The NIAID Centralized Sequencing Program serves as a genomics resource for NIAID human subjects research studies. Launched in 2017, our program was developed to help address interrelated challenges in clinical care and Division of Intramural Research (DIR) research including such issues as timely clinical diagnostics, data standards, and siloed datasets. Any NIAID participant is eligible to receive genome sequencing and associated services through this protocol. We have partnered with dozens of NIAID investigators to enroll thousands of participants: this includes participants who are suspected to have a Mendelian disease, as well as cohorts with more complex disease etiologies. While technical aspects of our approach have evolved over time, we continually focus on providing high-quality, transparent, reliable genomic services with tailored clinical care and research partnerships. This model has proven to be successful, and we are pleased to be able to expand our program to now include other National Institutes of Health (NIH) institutes and Children’s National Health System, in addition to NIAID.
Main Areas of Focus
- Clinical genetic diagnostics for Mendelian disorders contributing to one’s clinical presentation, as well as medically actionable secondary findings.
- Genomic analysis to identify known and novel genetic defects associated with immune disease, including polygenic models of disease etiology and progression
- Contributing to the evidence base on the processes and outcomes of the clinical genomics and genetic counseling services.
- Protocol discussion and consent
- Standardized phenotyping
- Test ordering through the Clinical Research Information System (CRIS)
- Sample collection and DNA isolation
- Nucleic acid analysis, currently genome sequencing 95% at 20x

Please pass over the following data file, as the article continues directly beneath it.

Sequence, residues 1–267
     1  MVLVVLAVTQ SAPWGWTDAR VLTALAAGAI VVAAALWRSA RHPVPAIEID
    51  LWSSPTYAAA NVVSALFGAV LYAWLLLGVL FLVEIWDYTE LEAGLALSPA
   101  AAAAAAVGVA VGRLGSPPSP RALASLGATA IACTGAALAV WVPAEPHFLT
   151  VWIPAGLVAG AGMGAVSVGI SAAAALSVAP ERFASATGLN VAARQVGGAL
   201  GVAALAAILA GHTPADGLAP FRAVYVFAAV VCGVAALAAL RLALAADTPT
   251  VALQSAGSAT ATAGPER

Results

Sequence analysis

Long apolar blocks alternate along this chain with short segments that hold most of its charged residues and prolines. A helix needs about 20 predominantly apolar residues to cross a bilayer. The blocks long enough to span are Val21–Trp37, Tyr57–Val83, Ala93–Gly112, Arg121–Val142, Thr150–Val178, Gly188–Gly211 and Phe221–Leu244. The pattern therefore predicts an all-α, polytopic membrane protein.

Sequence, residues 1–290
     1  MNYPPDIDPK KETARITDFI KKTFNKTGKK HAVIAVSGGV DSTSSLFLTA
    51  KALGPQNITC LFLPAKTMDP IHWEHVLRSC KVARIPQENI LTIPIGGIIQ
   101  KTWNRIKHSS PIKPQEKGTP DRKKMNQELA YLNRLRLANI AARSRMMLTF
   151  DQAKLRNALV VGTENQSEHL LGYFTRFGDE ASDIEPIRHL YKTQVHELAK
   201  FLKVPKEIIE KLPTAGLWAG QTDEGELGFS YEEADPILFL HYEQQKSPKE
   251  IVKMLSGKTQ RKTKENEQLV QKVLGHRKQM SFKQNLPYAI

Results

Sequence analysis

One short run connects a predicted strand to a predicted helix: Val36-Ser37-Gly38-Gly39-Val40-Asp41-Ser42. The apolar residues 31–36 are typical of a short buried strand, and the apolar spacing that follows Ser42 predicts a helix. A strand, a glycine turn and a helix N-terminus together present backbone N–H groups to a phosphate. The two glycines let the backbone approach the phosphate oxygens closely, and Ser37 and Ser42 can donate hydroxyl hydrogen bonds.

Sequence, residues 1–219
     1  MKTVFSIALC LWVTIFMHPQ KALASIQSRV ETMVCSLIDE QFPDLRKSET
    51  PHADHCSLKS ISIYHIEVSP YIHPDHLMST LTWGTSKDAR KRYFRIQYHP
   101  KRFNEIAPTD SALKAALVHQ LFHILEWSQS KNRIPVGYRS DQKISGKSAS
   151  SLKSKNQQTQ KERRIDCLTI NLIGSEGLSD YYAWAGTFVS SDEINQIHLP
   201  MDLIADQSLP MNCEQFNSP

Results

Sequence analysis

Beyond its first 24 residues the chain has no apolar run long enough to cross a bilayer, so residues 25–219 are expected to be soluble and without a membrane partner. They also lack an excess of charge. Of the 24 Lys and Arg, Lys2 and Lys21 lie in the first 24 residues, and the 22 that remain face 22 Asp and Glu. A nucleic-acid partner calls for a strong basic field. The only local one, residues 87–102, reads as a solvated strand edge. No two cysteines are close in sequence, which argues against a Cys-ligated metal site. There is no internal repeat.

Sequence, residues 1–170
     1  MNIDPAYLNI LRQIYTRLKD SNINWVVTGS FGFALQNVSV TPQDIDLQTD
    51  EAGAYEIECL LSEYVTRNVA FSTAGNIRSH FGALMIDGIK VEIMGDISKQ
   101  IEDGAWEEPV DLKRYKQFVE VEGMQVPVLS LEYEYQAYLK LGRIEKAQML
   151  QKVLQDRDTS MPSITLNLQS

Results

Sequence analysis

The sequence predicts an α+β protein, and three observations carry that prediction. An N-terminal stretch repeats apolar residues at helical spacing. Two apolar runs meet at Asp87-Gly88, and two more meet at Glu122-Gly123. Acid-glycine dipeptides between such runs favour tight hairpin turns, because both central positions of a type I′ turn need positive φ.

- Bioinformatic processing
- Clinical interpretation
- Orthogonal confirmation in a clinical environment, typically Sanger sequencing
- Clinical-compliant reporting in CRIS
- Genetic counseling
- Clinical consultation
- Research data consultation
- Access to secure, searchable online data portal for genotypes and phenotypes
- dbGAP submission
- Genomic Research Integration System (GRIS)
- Clinical research partnering
- Non-clinical research partnering
- Data sharing
- Repository donation (dbGAP, TGAC)
If an investigator from outside our NIAID research program wishes to refer participants, we specify the terms of the agreement in writing.
We welcome collaborative partnerships and pursue on a case-by-case basis.
NIH research participants must fulfill one of the following criteria:
- Proband participants must have a disease under investigation by another NIH protocol on which they are enrolled.
- Alternatively, participants may be the biological relative of a study proband.
- In select cases at the NIH, healthy volunteers may be enrolled as targeted internal controls.
For access or partnership inquiries, contact email@example.com.
Download the participant informed consent form, which describes this NIH research study and is designed to help participants decide if they would like to be involved. A study team member will talk with potential participants about the information described in this document as part of enrollment.
- SASH3 variants cause a novel form of X-linked combined immunodeficiency with immune dysregulation
- Immunodeficiency and bone marrow failure with mosaic and germline TLR8 gain of function
- PhenoTagger: A Hybrid Method for Phenotype Concept Recognition using Human Phenotype Ontology
- Exome sequencing study in a clinical research setting finds general acceptance of study returning secondary genomic findings with little decisional conflict
- The Monarch Initiative in 2019: an integrative data and analytic platform connecting phenotypes to genotypes across species
- Expansion of the Human Phenotype Ontology (HPO) knowledge base and resources